There is an interesting photograph hanging in our hallway that reminds me of a very special traveling companion named Fred.
The wooden-framed picture shows a little Buddhist boy crouched on a stone window sill of a house in Kathmandu, Nepal, wearing his dirty flip flops and simple street clothes. He has a serious facial expression and is touching his lips with his left index finger as if to make a “hush” sign to quiet the viewer.
When the Fed-Ex guy delivered the picture about 10 years ago, there was no letter or even a small sticker note attached to the wonderful surprise gift. The only sign of origin was the sender’s name printed on the receipt slip, Fred Stone, and a street address in Seattle.
That was the last time I or anybody else heard from Fred. I followed up with a thank-you note, but did not get a response. Fred had never owned a phone or a computer or established an email address, so the only way to connect with him was by old-fashioned, hard-copy letter sent off in a stamped envelope.
That in itself was a little out of the ordinary—but then again, everything about Fred was unusual. Most important for me, however, was that for more than 15 years, he was one my most loyal clients who followed me all over the Earth exploring. Whenever I sent out an invite, outlining some crazy expedition idea in a far-flung corner of the world, he would be the first to submit his $500 non-refundable deposit—by mail, of course.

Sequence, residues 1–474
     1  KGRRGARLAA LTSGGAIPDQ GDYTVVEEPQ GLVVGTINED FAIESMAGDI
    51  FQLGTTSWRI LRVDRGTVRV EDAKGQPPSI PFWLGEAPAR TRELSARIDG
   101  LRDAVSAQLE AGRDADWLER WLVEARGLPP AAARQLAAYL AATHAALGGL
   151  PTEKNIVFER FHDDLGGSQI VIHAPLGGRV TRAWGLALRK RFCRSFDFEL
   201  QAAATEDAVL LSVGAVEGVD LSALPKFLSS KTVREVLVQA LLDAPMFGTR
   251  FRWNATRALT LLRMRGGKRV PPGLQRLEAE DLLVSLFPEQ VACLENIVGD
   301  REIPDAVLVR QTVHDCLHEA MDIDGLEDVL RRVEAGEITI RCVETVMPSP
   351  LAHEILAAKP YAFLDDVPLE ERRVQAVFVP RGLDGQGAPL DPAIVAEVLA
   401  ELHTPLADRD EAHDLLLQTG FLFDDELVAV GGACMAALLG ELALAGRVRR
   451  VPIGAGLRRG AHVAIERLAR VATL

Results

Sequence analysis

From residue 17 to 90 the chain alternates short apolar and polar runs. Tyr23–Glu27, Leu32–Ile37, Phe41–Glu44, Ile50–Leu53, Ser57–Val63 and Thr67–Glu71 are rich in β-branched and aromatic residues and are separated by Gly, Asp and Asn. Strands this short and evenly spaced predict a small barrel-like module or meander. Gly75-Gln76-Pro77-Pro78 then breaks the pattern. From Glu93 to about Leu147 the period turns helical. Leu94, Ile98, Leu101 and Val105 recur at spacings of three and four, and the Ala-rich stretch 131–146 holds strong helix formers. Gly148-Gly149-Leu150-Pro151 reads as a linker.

Whether it was being the first kayakers to circumnavigate the second-largest atoll in French Polynesia, paddling the virgin shores of the Antarctic Peninsula, or exploring new frontiers in Greenland, Fred stepped up to the challenge without hesitation.
Fred knew when, how and where to show up at the start of an adventure and what to bring. Not only was he ready for anything new to trail-blaze, he was also one of these expedition members you could only dream of having along. Never complaining when the going got rough, always ready to help with common chores and when prodded, he was a treasure trove full of colorful stories that he shared with us after long, hard days of exploring. These stories were tales of extraordinary, convoluted, and sometimes even painful life and adventure experiences.
For example, once he joined a Scandinavian ethnographic guide who had scraped together a small group of travelers to visit the Korowai tree dwellers on the mosquito-infested south coast of Papua New Guinea. The first documented contact by Western scientists with members of these bands of Korowais had been in 1974 and Fred and his cohorts were there just few years later. These native hunter-gatherers numbered no more than a few thousand and were living in tree houses more than 100 feet off the jungle floor. Here, they defended themselves from rival clans, stealing women and children and saving their own from cannibalism and slavery.
Fred and his co-travelers lived in these primitive dwellings for a couple of weeks and made an effort to learn from and adapt to the local customs. They ate grubs, tried out penis gourds, swatted mosquitoes and contracted malaria, the bad kind. Fred loved every bit of it, and it was entertaining to hear his personal gourd stories.